When the United Nations commemorated its first ever "international day for the total elimination of nuclear weapons," the lingering question in the minds of most anti-nuclear activists was: are we anywhere closer to abolishing the deadly weapons or are we moving further and further away from their complete destruction?
When, all of a sudden, ISIS (Islamic State in Iraq and Syria) emerged on the scene and in a matter of days occupied large swathes of mainly Sunni-inhabited parts of Iraq and Syria, including Iraq’s second city Mosul and Tikrit, birthplace of Saddam Hussein, and called itself the Islamic State, many people, not least Western politicians and intelligence services, were taken by surprise.
As if to highlight the reality of climate change, the rain came pouring down here as demonstrators prepared to rally for political action to combat global warming.
The Oscar-winning film 12 Years a Slave
opened many people’s eyes to the barbarity of slavery and fuelled some discussion about that period in world history. But the film is just one of the many initiatives to “break the silence” around the 400 years of the transatlantic slave trade and to “shed light” on its lasting historical consequences.
Syrian refugees fleeing the conflict in their home country have come up against a less than accommodating “Fortress Europe”.
As acclaimed writers arrived in France this week for an international poetry festival, many expressed shock at finding that 25 percent of the country's vote had gone to a far-right party in elections for the European Parliament.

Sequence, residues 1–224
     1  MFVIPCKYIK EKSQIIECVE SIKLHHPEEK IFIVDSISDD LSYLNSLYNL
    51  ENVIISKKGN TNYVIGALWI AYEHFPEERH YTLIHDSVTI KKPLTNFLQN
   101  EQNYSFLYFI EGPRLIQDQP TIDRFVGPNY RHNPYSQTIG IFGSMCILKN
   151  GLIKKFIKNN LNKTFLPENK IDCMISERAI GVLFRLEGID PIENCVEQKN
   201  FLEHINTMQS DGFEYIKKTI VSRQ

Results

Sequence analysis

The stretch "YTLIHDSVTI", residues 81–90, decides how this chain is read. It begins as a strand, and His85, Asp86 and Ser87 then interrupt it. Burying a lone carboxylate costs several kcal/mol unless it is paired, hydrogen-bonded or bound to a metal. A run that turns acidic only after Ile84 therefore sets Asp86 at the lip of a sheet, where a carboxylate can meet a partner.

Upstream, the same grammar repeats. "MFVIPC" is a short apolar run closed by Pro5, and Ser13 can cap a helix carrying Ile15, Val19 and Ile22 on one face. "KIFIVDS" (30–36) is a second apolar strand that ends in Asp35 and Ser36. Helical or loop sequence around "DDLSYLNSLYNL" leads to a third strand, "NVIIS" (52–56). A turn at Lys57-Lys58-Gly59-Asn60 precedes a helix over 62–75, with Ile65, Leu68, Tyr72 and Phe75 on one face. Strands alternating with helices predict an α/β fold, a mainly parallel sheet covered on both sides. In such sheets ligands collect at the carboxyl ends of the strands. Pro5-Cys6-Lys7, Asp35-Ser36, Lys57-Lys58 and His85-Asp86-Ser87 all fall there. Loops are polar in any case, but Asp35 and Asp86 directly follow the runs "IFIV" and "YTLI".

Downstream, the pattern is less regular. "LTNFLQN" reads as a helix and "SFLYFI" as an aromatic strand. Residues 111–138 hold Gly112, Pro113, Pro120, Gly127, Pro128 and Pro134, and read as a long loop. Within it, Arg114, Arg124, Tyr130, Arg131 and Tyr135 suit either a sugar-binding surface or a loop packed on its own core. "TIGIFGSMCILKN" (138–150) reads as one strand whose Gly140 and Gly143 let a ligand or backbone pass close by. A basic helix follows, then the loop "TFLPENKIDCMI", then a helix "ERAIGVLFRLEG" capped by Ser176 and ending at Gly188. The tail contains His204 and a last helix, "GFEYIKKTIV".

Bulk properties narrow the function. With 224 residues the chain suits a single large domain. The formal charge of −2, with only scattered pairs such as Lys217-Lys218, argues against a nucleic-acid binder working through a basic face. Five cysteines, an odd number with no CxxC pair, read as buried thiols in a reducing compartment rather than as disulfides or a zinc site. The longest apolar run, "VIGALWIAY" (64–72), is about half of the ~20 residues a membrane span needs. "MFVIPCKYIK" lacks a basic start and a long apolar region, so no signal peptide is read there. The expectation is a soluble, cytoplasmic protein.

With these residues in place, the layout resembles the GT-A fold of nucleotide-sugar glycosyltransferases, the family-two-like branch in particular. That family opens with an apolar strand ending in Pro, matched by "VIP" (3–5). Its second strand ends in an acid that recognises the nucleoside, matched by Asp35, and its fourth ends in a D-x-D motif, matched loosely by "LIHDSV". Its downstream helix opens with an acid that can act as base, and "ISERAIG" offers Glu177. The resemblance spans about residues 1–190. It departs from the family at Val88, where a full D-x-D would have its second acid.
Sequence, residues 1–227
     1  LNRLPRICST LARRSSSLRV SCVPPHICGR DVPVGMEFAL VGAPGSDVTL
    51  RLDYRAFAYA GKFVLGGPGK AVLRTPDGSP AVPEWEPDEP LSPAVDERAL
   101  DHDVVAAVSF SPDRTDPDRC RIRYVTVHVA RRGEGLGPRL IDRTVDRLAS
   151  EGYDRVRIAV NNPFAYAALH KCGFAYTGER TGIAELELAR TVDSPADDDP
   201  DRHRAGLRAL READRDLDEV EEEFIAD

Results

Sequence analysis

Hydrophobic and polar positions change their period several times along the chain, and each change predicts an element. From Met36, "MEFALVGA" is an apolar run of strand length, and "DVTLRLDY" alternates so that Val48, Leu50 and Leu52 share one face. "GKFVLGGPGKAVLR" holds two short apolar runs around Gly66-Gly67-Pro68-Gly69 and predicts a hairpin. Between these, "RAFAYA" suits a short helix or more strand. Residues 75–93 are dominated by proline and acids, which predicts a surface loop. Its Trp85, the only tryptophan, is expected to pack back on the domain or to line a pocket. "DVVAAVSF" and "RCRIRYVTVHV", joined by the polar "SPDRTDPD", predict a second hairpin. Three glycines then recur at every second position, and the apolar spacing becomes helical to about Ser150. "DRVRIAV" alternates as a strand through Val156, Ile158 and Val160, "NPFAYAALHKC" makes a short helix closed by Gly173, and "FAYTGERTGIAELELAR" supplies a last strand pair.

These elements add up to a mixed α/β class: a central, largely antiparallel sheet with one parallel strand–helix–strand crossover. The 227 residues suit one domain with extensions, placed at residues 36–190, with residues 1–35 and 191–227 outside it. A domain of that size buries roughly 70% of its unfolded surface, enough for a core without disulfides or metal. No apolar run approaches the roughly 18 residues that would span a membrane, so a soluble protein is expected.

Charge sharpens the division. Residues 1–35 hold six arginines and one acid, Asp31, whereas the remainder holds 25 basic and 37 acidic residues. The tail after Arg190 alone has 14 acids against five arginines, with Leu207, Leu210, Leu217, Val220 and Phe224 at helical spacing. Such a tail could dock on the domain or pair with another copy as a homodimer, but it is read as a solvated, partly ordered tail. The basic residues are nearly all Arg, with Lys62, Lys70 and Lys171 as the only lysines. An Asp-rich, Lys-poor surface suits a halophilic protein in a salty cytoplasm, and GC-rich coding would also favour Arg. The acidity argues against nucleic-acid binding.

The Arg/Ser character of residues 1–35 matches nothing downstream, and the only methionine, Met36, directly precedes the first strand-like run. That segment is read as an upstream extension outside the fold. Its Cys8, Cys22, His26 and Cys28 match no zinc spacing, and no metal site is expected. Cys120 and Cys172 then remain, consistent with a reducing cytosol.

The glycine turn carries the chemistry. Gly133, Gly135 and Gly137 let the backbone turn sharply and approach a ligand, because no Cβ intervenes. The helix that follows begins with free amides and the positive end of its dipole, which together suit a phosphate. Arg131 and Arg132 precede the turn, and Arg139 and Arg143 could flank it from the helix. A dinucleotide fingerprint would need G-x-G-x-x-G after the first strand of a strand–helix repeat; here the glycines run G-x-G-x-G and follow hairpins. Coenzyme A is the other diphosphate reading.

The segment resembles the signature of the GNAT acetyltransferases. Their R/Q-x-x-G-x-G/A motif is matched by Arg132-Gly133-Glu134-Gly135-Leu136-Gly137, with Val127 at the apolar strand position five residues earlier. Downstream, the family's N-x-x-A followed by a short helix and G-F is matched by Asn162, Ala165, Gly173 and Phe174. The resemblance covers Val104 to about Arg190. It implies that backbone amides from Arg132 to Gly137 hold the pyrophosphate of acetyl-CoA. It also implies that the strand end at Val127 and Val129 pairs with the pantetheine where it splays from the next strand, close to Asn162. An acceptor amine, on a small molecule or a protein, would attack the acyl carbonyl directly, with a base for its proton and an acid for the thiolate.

Multiple car bombs killed dozens Tuesday in the central Nigerian city of Jos, Plateau state, days after a security summit in France where African leaders committed to a “war” on Nigeria’s Islamist rebels, Boko Haram.
The Azerbaijan government crackdown on civil society has worsened in recent months, human rights campaigners are warning, and activists are increasingly falling victim to official efforts to limit dissent.
Budget constraints in Washington and obstinacy at the highest levels of the African Union (AU) have combined to dangerously delay a possible U.N. peacekeeping mission in the Central African Republic (CAR), according to sources close to negotiations currently underway in New York.
There are growing concerns that the massive funding crisis for peacekeeping operations in the Central African Republic (CAR) will jeopardise any prospect of restoring stability to the country.
Reports of horrific revenge killing continued to emerge from the Central African Republic Wednesday, less than 24 hours after the Security Council voted to increase the international troop presence there and levy sanctions against those it suspects of war crimes.
“We couldn’t stand the violence anymore,” said 27-year-old Baba Hamadou shortly after alighting from a chartered flight at the Douala International Airport earlier this week.
The African Union is preparing to deploy thousands of troops in the Central African Republic as a deadly conflict there spirals further out of control.
The United Nations Security Council voted unanimously Thursday to authorise the deployment of thousands of French and African Union troops in the Central African Republic but stopped short of approving a full U.N. peacekeeping force in the country.
France has said it will circulate a Security Council draft resolution Monday night that would create a U.N. peacekeeping force in the Central African Republic, as violence in its former colony threatens to morph into an ethnic conflict.